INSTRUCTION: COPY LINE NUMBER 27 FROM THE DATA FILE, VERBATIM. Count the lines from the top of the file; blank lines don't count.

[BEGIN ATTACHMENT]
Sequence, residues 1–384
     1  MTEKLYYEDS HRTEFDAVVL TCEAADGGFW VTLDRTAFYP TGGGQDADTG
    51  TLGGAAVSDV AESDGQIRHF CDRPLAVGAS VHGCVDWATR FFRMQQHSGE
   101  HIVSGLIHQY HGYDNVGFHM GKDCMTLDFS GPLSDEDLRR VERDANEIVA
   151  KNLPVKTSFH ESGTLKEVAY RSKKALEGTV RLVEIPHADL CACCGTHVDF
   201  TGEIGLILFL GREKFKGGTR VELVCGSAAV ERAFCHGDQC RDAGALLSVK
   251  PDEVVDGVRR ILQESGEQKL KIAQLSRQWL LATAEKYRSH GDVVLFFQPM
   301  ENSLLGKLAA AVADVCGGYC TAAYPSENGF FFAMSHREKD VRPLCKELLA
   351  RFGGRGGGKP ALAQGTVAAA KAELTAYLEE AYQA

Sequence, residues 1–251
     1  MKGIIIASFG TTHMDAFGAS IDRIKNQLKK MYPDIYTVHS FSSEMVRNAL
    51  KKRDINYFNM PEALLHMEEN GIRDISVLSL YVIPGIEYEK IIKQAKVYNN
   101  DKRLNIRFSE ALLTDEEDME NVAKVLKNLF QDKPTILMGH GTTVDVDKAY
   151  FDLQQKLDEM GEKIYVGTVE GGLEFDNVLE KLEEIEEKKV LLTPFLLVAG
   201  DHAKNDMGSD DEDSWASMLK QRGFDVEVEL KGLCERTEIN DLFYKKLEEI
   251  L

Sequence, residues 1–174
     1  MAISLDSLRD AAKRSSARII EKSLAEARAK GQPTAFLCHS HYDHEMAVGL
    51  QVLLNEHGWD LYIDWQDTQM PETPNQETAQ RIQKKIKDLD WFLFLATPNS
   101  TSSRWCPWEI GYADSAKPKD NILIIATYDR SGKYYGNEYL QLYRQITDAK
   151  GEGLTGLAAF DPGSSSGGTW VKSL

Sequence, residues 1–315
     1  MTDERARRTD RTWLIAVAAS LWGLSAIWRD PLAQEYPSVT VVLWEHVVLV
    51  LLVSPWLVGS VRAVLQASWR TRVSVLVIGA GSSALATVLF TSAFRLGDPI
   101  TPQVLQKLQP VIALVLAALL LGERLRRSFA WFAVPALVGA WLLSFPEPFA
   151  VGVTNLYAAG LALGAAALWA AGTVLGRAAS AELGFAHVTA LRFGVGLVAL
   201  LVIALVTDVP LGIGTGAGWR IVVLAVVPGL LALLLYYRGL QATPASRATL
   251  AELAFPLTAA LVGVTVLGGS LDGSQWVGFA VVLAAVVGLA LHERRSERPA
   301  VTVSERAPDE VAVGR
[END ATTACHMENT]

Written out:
   201  LVIALVTDVP LGIGTGAGWR IVVLAVVPGL LALLLYYRGL QATPASRATL